Monday, April 9, 2007

The word of salvation

Do I have to be able to hear to know a word? If I am deaf, then I will use my eyes. Do I need to be able to think to reason? Perhaps someone else will have to anticipate consequences and remember obligations. Even if deaf, blind, and unable to think, I still may know life more fully than the able-bodied.

A man called his father, whom he had never met. The only word he said to him was "I am glad you did not have me aborted". The man is on the street, a product of European colonialism in the 10th generation, mentally disabled by alcohol from his birth. Can he take part in the word of salvation spoken through Israel from the past 3 millennia?

Salvation is not a 'Christian' concept. Salvation is older and is present in the psalter. Even in the New Testament, it is a word in a context that transcends adjectives and is not owned by understanding. It is from the Jews but cannot be monopolized by any one moniker. It is beyond description, law or science. But it is not unheard of, or invisible, or unavailable. Scholars, scribes, and able-bodied sceptics and servants are at a potential disadvantage, for they construct boxes (theologies, sects, equations, statistics) and other explanations to hold their patterns, but they may be deaf and blind and irrational in the very constructions they create.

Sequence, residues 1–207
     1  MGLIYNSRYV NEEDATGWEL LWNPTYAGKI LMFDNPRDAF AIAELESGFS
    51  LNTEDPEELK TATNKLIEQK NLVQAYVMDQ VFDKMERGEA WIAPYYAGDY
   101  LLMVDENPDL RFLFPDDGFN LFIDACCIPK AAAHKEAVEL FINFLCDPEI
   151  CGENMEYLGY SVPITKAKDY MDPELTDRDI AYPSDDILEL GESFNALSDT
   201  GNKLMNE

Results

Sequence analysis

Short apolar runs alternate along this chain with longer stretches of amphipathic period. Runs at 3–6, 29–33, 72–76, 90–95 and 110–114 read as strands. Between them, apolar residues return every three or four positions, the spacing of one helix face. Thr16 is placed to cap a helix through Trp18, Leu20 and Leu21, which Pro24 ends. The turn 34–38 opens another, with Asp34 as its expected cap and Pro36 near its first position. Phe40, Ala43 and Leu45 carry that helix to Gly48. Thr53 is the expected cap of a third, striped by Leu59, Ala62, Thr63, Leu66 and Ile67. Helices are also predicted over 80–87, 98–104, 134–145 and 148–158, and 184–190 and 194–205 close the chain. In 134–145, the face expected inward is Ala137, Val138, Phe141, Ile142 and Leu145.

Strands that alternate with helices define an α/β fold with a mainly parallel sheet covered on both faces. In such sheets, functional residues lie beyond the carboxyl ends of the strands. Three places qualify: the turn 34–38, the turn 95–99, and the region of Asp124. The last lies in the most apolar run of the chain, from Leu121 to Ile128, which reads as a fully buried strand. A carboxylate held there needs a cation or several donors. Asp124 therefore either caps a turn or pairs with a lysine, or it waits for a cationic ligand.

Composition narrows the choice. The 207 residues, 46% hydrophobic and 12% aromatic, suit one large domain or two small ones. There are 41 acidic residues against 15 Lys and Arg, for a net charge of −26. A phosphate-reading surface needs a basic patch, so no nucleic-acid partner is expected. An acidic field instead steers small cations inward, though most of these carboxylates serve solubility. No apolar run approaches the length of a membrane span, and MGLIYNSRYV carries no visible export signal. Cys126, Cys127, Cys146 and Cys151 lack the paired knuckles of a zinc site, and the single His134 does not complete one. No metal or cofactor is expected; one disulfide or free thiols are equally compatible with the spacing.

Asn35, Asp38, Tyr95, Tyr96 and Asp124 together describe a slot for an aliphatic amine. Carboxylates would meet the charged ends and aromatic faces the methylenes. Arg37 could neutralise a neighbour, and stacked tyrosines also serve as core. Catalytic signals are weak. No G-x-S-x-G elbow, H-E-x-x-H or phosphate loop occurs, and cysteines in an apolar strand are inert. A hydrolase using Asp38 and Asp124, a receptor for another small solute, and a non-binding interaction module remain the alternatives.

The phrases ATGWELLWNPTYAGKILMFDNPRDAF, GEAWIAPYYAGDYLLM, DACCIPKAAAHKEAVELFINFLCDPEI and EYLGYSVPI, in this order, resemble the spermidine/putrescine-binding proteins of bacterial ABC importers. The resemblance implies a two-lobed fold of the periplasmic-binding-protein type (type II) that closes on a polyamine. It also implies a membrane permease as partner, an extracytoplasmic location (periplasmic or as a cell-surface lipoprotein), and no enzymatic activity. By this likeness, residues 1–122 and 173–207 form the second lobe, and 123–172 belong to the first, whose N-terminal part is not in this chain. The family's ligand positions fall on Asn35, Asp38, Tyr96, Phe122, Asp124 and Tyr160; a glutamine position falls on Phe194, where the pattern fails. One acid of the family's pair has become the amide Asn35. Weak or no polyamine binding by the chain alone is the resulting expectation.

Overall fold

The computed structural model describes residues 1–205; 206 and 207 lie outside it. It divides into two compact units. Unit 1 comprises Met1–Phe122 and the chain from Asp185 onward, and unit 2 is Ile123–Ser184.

Goethe: Everyone sees the material before them, but only someone who has something to do with it sees the contents, and the form is a secret to most. (Quoted in Gunkel: An Introduction to the Psalms)

We are the material of salvation, if we pay attention, we will see our contents, but the form of salvation, the messianic secret, is Christ, the word of God to us and our dialogue partner. We may or may not see the form, but the salvation is real nonetheless.

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